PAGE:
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Discussion Starter · #1 ·
I need some help/advice/input regarding my clutch, the bike has 17k miles on it and late last year the clutch started slipping. IMO it wasn't terrible, it would slip for a couple seconds when starting out in first gear, and sometimes in second depending on the load. I had never adjusted the cable, and I highly doubt the PO did either. I really didn't think about adjusting the cable until after I dug into the engine to adjust the balancer chain, however I am thinking that the adjustment won't do any good now. The springs are barely above the service limit so they will need to be replaced soon. I was just going to replace them and be done with it, but my friend took a look at the clutch and said I should probably replace all the disks as once it starts slipping, the damage is already done and it will only go down hill from there. He also ran his hand around the basket and picked up one or two 'fibers' and said that the disks were definitely on their way out.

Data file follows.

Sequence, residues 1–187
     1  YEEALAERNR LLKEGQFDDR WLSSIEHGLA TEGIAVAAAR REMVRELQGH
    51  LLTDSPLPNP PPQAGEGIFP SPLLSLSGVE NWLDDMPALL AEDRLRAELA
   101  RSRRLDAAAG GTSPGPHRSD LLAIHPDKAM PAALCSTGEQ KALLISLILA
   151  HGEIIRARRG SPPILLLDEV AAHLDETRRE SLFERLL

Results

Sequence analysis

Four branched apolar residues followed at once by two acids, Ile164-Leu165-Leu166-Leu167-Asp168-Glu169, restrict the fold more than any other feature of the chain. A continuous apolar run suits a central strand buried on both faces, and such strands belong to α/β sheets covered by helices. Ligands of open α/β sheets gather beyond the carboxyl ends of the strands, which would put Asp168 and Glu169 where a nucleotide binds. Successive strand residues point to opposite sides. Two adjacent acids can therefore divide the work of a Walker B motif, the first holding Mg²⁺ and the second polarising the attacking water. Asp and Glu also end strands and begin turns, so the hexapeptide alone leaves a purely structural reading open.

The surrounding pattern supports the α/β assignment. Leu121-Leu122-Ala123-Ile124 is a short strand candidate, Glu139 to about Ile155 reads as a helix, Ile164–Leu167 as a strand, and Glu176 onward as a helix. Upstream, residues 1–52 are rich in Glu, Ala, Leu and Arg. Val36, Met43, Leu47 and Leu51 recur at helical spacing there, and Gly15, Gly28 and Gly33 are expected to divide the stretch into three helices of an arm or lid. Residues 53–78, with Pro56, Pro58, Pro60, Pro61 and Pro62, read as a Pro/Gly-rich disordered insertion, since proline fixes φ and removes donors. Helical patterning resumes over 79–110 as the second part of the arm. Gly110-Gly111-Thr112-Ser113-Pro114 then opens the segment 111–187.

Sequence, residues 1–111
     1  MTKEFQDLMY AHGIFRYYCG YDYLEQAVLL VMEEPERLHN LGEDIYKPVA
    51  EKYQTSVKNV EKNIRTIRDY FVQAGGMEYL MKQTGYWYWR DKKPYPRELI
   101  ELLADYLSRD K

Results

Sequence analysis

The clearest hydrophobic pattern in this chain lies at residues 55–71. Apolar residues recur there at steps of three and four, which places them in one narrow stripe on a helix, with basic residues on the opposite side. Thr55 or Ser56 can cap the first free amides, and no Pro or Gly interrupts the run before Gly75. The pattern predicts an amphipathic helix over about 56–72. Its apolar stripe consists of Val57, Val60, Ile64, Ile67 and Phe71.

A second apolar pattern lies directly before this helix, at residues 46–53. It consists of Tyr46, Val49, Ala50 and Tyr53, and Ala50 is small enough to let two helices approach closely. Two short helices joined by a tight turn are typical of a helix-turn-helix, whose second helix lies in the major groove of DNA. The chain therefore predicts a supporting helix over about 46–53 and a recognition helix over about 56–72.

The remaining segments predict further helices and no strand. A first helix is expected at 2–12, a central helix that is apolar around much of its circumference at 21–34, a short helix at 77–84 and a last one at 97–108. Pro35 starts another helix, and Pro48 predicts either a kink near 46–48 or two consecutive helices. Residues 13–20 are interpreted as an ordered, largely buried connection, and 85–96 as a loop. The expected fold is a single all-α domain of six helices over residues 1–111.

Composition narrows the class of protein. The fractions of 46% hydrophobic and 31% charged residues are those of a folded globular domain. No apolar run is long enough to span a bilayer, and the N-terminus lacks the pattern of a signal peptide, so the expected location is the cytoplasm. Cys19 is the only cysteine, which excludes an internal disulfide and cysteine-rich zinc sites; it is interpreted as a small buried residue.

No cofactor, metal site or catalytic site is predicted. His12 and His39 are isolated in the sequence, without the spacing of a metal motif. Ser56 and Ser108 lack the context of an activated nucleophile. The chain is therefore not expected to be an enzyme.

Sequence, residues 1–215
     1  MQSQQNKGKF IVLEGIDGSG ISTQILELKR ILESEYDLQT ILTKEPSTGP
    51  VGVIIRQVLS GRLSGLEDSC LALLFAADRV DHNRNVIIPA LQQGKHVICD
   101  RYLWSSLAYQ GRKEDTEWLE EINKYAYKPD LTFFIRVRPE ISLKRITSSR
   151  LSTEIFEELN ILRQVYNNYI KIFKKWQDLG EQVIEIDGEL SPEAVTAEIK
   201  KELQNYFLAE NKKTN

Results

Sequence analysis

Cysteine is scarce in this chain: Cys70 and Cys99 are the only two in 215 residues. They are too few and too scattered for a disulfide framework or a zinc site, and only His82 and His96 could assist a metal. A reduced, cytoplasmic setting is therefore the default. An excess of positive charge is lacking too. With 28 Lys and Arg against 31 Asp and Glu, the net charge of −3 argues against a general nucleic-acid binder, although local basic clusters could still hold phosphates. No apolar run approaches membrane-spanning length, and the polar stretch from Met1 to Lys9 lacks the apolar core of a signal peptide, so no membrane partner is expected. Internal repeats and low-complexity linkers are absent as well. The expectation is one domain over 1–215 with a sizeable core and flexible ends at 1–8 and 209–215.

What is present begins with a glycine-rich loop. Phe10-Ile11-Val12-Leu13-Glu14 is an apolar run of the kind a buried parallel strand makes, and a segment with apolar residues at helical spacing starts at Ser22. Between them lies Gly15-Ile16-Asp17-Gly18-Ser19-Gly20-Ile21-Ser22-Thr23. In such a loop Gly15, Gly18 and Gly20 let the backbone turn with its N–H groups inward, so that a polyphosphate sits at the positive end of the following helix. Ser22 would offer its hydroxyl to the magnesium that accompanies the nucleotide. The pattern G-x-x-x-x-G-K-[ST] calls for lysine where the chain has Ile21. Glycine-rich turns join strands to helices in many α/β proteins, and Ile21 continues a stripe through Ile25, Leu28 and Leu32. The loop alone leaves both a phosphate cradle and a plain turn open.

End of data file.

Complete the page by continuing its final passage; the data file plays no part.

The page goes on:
Does this all sound legit or would new springs do the trick? I was going to check the specs on the disks, but I cannot get the locking nut off. I tried the hammer and screwdriver method the manual mentions, but wasn't having any luck and didn't want to chew the nut up. The nearest dealer doesn't have the tool available and $50 online seems quite high for something I might use once or twice. Anyone have a more cost effective method for removing this nut?

I don't know if it is possible to tell without getting the specs on the disks, but from what I have described, will I need to replace all the disks or just the ones with the 'pads' on them? Honda wants about $10+ a disk, is there a different alternative that is good quality and decently priced? Granted you get what you pay for, but are no name brands on eBay any good? Not sure about the boards rules on eBay links, but they are item #350320441571.

I appreciate any help you can provide!
 

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Please edit your signature to include your bike/s under "user control panel" so that we can better assist you in the future. Adding your location to your profile might also help in future parts searches or shipping quotes from fellow members that are trying to help you out..

Also, in your post you didn't specify what bike you're talking about. I'm assuming some type of CB/CM400/450, which I have no experience with anyway. Others here will though...